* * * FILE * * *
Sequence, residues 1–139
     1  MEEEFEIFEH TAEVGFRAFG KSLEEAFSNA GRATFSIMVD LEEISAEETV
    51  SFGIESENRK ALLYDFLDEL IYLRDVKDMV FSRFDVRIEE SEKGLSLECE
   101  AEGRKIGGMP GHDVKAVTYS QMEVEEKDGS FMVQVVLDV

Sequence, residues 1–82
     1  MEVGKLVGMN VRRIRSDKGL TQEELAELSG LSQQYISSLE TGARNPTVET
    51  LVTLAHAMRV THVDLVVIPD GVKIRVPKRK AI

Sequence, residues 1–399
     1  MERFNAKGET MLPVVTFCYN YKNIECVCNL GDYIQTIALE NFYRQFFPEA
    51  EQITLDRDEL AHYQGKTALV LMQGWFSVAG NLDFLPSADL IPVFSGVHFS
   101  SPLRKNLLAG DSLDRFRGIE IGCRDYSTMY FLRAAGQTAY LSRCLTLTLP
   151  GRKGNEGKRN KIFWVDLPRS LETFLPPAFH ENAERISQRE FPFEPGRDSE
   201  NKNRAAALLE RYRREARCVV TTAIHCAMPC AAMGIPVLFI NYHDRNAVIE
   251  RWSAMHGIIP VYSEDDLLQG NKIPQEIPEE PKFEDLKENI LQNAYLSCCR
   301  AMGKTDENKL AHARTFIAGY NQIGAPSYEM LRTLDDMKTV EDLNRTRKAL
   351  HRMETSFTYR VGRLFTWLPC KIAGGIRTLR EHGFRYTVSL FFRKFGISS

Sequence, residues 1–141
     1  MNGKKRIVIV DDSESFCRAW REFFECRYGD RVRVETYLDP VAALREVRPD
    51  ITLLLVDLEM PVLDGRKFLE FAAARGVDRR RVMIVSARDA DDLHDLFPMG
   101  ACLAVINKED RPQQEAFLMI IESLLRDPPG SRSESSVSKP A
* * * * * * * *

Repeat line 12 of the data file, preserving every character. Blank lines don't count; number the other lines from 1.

   151  GRKGNEGKRN KIFWVDLPRS LETFLPPAFH ENAERISQRE FPFEPGRDSE